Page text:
Triple Jeopardy (Nero Wolfe #20) ★★★★☆

This review is written with a GPL 4.0 license and the rights contained therein shall supersede all TOS by any and all websites in regards to copying and sharing without proper authorization and permissions. Crossposted at WordPress & Blogspot by Bookstooge’s Exalted Permission

Title: Triple Jeopardy
Series: Nero Wolfe #20
Author: Rex Stout
Rating: 4 of 5 Stars
Genre: Mystery
Pages: 184
Words: 67K

From Wikipedia:

3 novellas comprising:

“Home to Roost”

Benjamin and Pauline Rackell engage Wolfe to investigate the death of their nephew Arthur, paying him a $3,000 retainer. Arthur had begun to show increasing support for the Communist Party, but confided to Pauline that he had been recruited by the FBI to infiltrate the group’s New York organization. At a dinner party, he had brought out a pillbox from his pocket, set it on the table, and taken one of the vitamin capsules inside, only to die a few minutes later from cyanide poisoning. The other capsules in the box were found to be genuine and harmless. Pauline insists that one of the other five dinner guests must have learned the truth about Arthur and slipped the poisoned capsule into the box while he was not paying attention.

Archie visits both the local FBI office and Manhattan Homicide but is unable to get any useful information; at Wolfe’s request, he arranges a meeting with the Rackells and the dinner guests at Wolfe’s office. Of these latter five – Ormond Leddegard, Fifi Goheen, Della Devlin, Henry Jameson Heath, Carol Berk – only Heath is known to have ties to the Communist Party. Wolfe questions the group about the dinner party and the pillbox, not mentioning Arthur’s FBI status in order to avoid tipping them off, and inadvertently sparks a confrontation between Della and Fifi over Heath’s affections. Fifi says that Arthur told her he lied to Pauline about working for the FBI, a claim Pauline adamantly denies.

The next day, Archie engages Saul Panzer, Fred Durkin, and Orrie Cather to keep Heath under constant surveillance and arranges for the Rackells to see Wolfe again. Wolfe tells them that he is convinced there was an eyewitness to Arthur’s murder, and offers to find that person and get the truth for a fee of $20,000. Benjamin is unconvinced, but Pauline is eager to accept the offer, and Wolfe sends Archie to visit Della and Carol in their shared apartment that night. Della says that Carol has gone to a show, but Archie finds her hiding in a closet and listening in. After she leaves, he offers Della $10,000 to tell the police that she had seen Fifi switch the capsules; she does not immediately say yes or no, and he leaves to update Wolfe and Saul.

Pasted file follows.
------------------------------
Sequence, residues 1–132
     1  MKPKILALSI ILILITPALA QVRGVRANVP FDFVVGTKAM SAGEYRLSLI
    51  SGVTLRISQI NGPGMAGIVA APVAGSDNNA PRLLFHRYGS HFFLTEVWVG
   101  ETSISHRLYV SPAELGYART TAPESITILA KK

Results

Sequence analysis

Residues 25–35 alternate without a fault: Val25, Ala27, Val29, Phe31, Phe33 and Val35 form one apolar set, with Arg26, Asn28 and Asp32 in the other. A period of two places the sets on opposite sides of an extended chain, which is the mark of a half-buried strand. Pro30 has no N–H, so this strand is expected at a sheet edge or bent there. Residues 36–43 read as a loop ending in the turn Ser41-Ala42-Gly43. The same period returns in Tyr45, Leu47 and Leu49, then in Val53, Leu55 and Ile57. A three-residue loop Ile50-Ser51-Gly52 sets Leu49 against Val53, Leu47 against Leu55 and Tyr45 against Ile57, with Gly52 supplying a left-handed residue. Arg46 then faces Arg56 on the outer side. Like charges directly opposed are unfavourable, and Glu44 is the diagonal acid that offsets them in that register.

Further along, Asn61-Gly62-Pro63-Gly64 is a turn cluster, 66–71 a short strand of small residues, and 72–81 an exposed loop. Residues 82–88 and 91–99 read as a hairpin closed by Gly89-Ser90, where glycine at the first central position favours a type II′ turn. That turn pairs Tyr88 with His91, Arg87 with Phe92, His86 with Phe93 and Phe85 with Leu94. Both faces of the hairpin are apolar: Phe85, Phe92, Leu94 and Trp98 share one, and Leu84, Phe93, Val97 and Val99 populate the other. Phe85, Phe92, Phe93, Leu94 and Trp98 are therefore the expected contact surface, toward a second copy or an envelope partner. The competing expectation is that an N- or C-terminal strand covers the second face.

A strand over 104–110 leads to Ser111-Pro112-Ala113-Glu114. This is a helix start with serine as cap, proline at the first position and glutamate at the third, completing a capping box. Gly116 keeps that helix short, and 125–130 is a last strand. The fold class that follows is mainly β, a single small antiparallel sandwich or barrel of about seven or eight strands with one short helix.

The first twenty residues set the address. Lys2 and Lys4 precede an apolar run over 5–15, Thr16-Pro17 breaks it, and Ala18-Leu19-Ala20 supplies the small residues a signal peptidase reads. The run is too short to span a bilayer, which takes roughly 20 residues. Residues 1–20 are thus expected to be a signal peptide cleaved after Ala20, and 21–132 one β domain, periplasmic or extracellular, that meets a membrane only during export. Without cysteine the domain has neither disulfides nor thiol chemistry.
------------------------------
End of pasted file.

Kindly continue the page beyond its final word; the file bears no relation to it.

The next morning, both Inspector Cramer and FBI Agent Wengert visit the office to confront Wolfe. They have learned of Archie’s offer to Della and are furious, but Wolfe points out that their best course of action is to let him proceed, neither supporting nor opposing his plans. Archie gets updates on Heath’s movements throughout the day, culminating in a meeting with a woman in Central Park at which Saul is eavesdropping. Arriving at the location, Archie finds that the woman is Pauline and brings both of them to the office. With Saul’s corroboration, Wolfe determines that Heath arranged the meeting in order to persuade Pauline not to pay for Wolfe’s scheme to get Fifi convicted.

Wolfe reveals that his offer to the Rackells was meant to draw out the murderer, as he had no concrete evidence or witnesses. He accuses Pauline of Arthur’s murder, having become suspicious of her after she accepted his offer so quickly. She had seen it as a way to frame someone else for her crime and keep her own Communist leanings from becoming public. Wolfe pressures Heath into agreeing to tell him how much Pauline has contributed to the party, in order to keep himself from being associated with her criminal trial.

The next day, while Cramer and Wengert are going over the details of the case with Wolfe, Archie reveals that he knows who had been the real infiltrator sent by the FBI. It was Carol, who would have learned about the $10,000 offer from Della and was the only person who could have informed Wengert of it so quickly. Now that the case is over, she accepts Archie’s offer of a drink.

“The Cop-Killer”

Returning to the brownstone from his morning errands, Archie finds two surprise visitors waiting for him on the stoop: Carl and Tina Vardas, both of whom work at the barbershop that Wolfe and Archie frequent. Jacob Wallen, a police detective, had visited the shop earlier in the day in order to question the employees as to their whereabouts on the previous night. After he had questioned Carl and Tina separately, they fled the shop for fear of being deported back to their native Russia, from which they had illegally made their way to New York City three years earlier. Archie puts them in the front room, tells Wolfe of their arrival, and goes to the shop.

Several police officers, including Sergeant Purley Stebbins, are already there when he arrives, and Inspector Cramer arrives soon afterward. Wallen has been found dead in a manicurist’s cubicle, stabbed in the back with a pair of scissors. While waiting for a shave, Archie learns that Wallen had been investigating a hit-and-run accident the previous night in which two women were struck and killed by a stolen car, and he had carried that evening’s newspaper with him. He had used the cubicle for his questioning, and his body was found there some minutes after talking to the last of the employees. Since Carl and Tina fled the shop, suspicion falls on them first. Janet Stahl, a manicurist, claims in overly dramatic fashion that she killed Wallen, but Archie does not believe her.